School Library Journal
Gr 4-6-Having scored hits with five "Don't Know Much About" books for adults, Davis goes for a younger audience, laying out basic knowledge with a combination of breezy questions and answers punctuated by boxed asides, quotations, or biographical sketches. He also includes lighthearted pop quizzes along the lines of: "The Amazon River gets its name from a group of legendary Greek: a) warriors b) Internet companies c) river boats d) water gods." In Planet Earth he discusses the physical and political geography of each continent, scattering memorable facts and (usually) clever jokes throughout ("How are deserts like desserts?" "Deserts, like apple pie, can be served hot or cold"). In Space he takes on stars, the solar system, the history and structure of the universe, space exploration, black holes, dark matter, the search for life on other planets, and more. Bloom's cartoon drawings add further humorous notes to Planet Earth, but it lacks some much-needed maps; in Space, Ruzzier's somewhat more sophisticated but still decorative art is supplemented by several photos and photo-realist paintings. Few readers will come away from these books without having been amazed or amused, but considering the array of more systematic, better-illustrated books available on the topics, they are supplementary purchases at best.-John Peters, New York Public Library Copyright 2001 Cahners Business Information.
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Product Details

  • ISBN-13: 9780064408349
  • Publisher: HarperCollins Publishers
  • Publication date: 8/28/2001
  • Series: Don't Know Much About Series
  • Pages: 144
  • Age range: 8 - 12 Years
  • Product dimensions: 6.00 (w) x 9.00 (h) x 0.39 (d)

Meet the Author

Kenneth C. Davis is the New York Times bestselling author of A Nation Rising; America's Hidden History; and Don't Know Much About® History, which spent thirty-five consecutive weeks on the New York Times bestseller list, sold more than 1.6 million copies, and gave rise to his phenomenal Don't Know Much About® series for adults and children. A resident of New York City and Dorset, Vermont, Davis frequently appears on national television and radio and has been a commentator on NPR's All Things Considered. He blogs regularly at www.dontknowmuch.com.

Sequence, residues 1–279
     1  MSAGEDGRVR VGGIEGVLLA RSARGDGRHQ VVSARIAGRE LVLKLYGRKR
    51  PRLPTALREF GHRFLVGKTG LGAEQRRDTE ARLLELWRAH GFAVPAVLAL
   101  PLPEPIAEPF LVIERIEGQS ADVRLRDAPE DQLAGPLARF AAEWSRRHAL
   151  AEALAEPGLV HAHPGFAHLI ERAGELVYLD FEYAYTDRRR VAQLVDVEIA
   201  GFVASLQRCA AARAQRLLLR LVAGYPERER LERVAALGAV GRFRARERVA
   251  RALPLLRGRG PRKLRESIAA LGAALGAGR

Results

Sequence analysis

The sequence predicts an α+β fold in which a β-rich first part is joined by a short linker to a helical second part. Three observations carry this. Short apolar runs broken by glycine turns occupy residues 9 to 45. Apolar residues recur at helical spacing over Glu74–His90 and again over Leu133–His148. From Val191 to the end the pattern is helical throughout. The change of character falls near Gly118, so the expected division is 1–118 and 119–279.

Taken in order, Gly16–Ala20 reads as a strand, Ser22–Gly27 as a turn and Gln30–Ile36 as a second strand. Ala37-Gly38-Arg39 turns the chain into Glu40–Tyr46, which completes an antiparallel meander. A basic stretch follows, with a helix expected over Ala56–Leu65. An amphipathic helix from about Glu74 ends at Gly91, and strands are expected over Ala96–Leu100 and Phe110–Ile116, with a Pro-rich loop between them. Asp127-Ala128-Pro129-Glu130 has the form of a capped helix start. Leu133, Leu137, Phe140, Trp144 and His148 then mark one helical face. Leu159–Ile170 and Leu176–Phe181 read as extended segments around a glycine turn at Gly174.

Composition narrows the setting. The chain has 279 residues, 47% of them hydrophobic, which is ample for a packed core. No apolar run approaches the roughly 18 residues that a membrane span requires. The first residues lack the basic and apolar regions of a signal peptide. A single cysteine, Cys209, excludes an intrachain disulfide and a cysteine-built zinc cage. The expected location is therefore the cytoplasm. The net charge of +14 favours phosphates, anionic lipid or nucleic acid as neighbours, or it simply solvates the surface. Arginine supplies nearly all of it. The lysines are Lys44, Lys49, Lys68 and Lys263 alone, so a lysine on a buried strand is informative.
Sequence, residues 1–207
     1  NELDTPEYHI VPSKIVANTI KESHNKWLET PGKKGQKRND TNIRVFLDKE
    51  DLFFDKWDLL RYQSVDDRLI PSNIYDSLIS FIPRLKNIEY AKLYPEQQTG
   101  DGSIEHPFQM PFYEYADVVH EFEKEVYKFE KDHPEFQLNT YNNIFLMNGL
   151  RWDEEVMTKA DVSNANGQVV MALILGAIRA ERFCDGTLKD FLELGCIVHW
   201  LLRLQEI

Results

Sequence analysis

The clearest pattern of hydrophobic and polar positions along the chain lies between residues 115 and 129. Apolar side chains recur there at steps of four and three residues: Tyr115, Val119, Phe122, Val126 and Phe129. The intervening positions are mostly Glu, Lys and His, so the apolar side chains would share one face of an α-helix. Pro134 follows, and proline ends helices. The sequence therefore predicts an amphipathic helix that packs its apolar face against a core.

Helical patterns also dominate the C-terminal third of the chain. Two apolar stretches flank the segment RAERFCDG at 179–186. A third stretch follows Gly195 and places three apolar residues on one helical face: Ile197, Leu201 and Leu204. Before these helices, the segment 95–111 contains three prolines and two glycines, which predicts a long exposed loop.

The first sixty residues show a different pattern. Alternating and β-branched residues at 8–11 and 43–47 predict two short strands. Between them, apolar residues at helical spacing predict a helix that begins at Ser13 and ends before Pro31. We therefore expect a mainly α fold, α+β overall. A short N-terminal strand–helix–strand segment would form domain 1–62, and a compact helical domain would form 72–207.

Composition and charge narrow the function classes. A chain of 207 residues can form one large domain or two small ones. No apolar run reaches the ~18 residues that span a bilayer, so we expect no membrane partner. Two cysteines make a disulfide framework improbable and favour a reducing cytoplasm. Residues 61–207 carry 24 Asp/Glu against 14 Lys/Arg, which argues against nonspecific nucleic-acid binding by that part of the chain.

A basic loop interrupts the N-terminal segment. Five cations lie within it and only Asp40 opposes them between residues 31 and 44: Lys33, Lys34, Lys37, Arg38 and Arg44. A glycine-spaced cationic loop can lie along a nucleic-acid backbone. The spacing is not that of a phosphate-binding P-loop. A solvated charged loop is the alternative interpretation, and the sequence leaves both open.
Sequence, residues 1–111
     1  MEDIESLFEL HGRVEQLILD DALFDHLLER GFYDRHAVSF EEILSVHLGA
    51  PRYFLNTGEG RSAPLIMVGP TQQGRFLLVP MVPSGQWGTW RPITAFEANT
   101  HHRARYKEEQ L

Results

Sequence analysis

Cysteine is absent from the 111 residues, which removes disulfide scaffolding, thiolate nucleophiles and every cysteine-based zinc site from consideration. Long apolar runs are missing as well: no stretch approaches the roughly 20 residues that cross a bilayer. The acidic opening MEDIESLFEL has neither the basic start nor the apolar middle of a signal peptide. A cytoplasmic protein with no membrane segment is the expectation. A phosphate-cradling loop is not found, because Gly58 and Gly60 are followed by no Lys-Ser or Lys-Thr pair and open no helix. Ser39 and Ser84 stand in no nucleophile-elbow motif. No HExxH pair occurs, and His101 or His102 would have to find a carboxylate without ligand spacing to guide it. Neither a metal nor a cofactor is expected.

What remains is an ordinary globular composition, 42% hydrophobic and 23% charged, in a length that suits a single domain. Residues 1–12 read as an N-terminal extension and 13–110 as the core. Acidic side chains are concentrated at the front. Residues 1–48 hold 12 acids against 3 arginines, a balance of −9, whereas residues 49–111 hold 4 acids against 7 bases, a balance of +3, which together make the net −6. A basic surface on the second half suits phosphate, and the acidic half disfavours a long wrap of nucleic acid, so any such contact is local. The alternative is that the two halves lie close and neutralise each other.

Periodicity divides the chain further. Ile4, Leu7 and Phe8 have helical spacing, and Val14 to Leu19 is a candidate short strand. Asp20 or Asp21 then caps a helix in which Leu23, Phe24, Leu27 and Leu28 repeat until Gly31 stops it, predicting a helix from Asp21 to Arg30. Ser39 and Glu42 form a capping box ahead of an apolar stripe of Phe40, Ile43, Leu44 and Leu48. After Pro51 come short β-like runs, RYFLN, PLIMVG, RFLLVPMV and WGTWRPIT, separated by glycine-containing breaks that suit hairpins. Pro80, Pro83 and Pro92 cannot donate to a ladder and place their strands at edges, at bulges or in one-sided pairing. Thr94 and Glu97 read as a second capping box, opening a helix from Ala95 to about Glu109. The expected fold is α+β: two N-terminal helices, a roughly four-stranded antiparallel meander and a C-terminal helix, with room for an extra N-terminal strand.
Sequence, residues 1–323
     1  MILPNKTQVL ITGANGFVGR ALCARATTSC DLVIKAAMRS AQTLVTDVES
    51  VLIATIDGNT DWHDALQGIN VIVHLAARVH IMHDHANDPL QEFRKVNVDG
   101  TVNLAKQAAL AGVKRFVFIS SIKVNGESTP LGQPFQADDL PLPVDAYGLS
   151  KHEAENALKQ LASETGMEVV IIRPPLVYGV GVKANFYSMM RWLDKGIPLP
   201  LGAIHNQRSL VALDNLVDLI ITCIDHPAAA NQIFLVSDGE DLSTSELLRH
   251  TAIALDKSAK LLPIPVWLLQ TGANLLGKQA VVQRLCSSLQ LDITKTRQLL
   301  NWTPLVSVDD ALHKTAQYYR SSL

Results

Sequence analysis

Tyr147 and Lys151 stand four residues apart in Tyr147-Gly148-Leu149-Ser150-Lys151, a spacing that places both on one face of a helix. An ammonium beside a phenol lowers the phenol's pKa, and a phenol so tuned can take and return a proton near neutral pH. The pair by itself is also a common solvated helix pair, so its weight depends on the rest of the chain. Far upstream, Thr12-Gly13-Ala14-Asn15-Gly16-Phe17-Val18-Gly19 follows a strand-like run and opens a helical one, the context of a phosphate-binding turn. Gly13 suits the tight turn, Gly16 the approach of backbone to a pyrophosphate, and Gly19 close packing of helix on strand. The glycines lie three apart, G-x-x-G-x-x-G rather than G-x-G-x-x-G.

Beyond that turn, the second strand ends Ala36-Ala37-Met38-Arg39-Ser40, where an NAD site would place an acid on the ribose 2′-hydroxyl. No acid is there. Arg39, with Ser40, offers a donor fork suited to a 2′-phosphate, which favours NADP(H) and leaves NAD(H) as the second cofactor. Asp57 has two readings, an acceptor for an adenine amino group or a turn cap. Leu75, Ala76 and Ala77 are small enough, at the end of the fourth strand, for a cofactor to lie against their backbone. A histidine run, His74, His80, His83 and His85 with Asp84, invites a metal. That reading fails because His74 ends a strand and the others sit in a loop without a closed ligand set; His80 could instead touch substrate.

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Read an Excerpt

Chapter One

What's So Special About Earth?

What in the world is geography?

Geography is the science that explains why you -- yes, you reading this book -- are where you are. It asks and answers some of humankind's most basic questions: Where am I? What's over there? How did it get there? What is it like? Why is it there?

Geography is the big mixing bowl of the sciences: it brings together all sorts of other specialties. If you combine a little history, geology, meteorology, biology, economics, astronomy, and almost every other "ology", "onomy," or "omics" you can think of, you'll begin to see what geographers do. They study how we shape -- and are shaped by -- the shape of the world.

Has Earth always been around?

It has always been a fairly round planet. (It does bulge a little in the middle.) But Earth hasn't always been around. Earth and its neighboring planets started out as a huge cloud of space dust and gas. Then, about 4.6 billion years ago, something -- maybe a shock wave from a nearby exploding star -- gave the cloud a push, and it began spinning into a flat disk. Gravity pulled some of the dust and gas toward the disk's center. There it clumped into a dense and intensely hot ball of gases and the Sun was born. Most of the other dust and gas formed smaller, cooler clumps that became Earth and the other planets, moons, asteroids, and comets that travel around the Sun as our solar system.

What's so special about Earth?